Outgoing chairman of High Speed 2 promoter (HS2) HS2 Ltd Doug Oakervee has spoken out against the government’s economic models being used to assess the value for money of the £42.6bn scheme.
5pm: Scottish entrepreneur Sir Tom Farmer has launched a technical academy in Edinburgh offering a range of construction qualifications.
Technical Academy Scotland, established in collaboration with vocational training company Edutrain, will offer courses for young technician apprentices and adult learners.
A survey undertaken by the academy found that that almost half of construction companies questioned faced difficulties finding suitably skilled technicians and engineers.
Sir Tom Farmer said: “If we want world class infrastructure in the future, we must take action to ensure we have a world class workforce to deliver it now.
“Technical Academy Scotland will assist in the delivery of a skilled workforce, investing in the training necessary to up skill our current workforce and encouraging people to enter the sector.”
3.45pm: Black & Veatch has won work on a £2.9bn water project in Chile.
The firm was selected as engineer of record for the marine works and desalination components of the Escondida Water Supply scheme.
Black & Veatch will lead engineering design, procurement, field inspection and pre-commissioning for these components of the project.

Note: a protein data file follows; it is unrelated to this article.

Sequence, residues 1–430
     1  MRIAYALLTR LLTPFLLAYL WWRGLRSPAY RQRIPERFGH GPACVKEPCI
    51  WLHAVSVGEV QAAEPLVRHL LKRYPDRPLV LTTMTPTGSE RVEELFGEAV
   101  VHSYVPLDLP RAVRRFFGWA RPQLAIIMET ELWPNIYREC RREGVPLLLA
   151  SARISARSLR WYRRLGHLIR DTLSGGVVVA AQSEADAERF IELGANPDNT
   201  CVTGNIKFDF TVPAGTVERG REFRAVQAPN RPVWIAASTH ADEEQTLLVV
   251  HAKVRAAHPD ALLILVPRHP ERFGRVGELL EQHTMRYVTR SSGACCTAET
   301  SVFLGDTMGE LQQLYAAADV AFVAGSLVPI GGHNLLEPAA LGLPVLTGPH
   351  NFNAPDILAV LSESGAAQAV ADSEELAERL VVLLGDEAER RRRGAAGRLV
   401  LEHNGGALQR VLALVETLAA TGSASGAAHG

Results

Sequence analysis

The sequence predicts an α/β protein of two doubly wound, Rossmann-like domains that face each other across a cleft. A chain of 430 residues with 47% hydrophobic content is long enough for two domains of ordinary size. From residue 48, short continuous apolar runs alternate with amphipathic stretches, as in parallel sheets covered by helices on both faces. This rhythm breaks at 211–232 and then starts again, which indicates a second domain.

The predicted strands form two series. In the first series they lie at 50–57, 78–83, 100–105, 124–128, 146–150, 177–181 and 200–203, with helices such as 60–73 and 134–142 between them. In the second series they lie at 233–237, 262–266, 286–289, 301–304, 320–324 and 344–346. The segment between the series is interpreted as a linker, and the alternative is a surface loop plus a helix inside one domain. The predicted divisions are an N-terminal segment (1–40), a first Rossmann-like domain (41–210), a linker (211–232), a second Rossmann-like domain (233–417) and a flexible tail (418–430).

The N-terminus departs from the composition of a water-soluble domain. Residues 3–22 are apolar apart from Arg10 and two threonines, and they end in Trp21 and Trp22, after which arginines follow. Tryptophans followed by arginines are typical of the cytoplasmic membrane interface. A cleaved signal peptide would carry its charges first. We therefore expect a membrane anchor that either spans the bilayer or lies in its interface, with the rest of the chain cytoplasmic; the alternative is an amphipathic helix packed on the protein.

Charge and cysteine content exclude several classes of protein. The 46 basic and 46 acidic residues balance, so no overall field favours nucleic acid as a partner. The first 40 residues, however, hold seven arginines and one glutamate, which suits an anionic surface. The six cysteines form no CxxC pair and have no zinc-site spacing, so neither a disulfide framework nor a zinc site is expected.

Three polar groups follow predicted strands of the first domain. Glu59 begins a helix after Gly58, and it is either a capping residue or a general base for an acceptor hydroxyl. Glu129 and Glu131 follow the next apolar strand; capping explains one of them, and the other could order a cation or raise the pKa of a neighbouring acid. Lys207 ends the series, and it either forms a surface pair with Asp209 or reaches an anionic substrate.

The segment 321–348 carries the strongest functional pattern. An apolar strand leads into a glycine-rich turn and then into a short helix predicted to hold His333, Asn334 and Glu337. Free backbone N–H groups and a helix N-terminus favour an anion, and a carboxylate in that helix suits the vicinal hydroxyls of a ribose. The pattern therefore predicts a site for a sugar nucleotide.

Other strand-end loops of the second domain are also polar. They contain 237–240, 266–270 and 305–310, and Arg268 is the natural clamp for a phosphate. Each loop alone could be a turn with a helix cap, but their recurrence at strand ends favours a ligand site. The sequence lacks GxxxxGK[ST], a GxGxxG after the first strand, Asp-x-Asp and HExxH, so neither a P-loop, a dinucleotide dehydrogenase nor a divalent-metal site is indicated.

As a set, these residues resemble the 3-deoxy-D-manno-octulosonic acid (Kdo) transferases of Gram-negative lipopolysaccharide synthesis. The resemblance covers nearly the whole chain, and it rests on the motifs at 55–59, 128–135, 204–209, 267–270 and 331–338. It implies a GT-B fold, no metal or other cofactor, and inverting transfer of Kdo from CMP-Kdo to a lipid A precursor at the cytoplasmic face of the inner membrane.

The Escondida Water Supply project will deliver 2,500 litres of water per second to the world’s largest copper mine.
2.15pm: More from the HS2 Growth Taskforce report, now, which says HS2 can connect cities in the north of England to European markets in the same way the Channel Tunnel helped the south of England.
In its preliminary report into ways to maximise the benefits of the £42.6bn project (see 10.15am), the government-commissioned panel said regional cities needed clear visions for a post-HS2 world.
“We need only look at the economic benefits of the Channel Tunnel in helping to connect British markets with the continent,” it said. “Or at the Docklands Light Railway and Jubilee Line extension in connecting Canary Wharf to the rest of London.
“As these projects did for London, HS2 offers our regional cities potential for a far stronger international profile, offering investors broader choice and thereby supporting a more even spread of growth across the country.”
12.15pm: Atkins has been appointed to design a bridge deck in the West Midlands.
The firm will work on the structure at junction 6 of the Coventry ring road.
It is aimed at improving connections between the Friargate development and the city centre.
Costain will build the bridge, with work due to start on site in early 2014 and be completed by June 2015.
12pm: Arcadis has posted increased profits for the third quarter of 2013.
The consultancy, which bought EC Harris two years ago, reported net income of €26.2M (£22.3M) in Q3 2013.
This represented a 13% hike from the same period in the previous year. Gross revenue was down 2% over the same period to €633M.
Chief executive Neil McArthur said: “Operating margin for continental Europe went from 3.2% in the first half year to 7.0% in the third quarter, underlining the effectiveness of our new operating model.”
He hailed contract wins on the Grand Paris metro project and the Seaport City scheme in New York.
11.30am: Glow-in-the-dark paving has been installed in Cambridge.
The Starpath product from Surrey-based Pro-Teq Surfacing is being trialed by Cambridge City Council in the East Anglian city’s Christ’s Pieces park.
It can be applied to any hard-based existing surface to absorb energy from UV rays during the day and release it at night.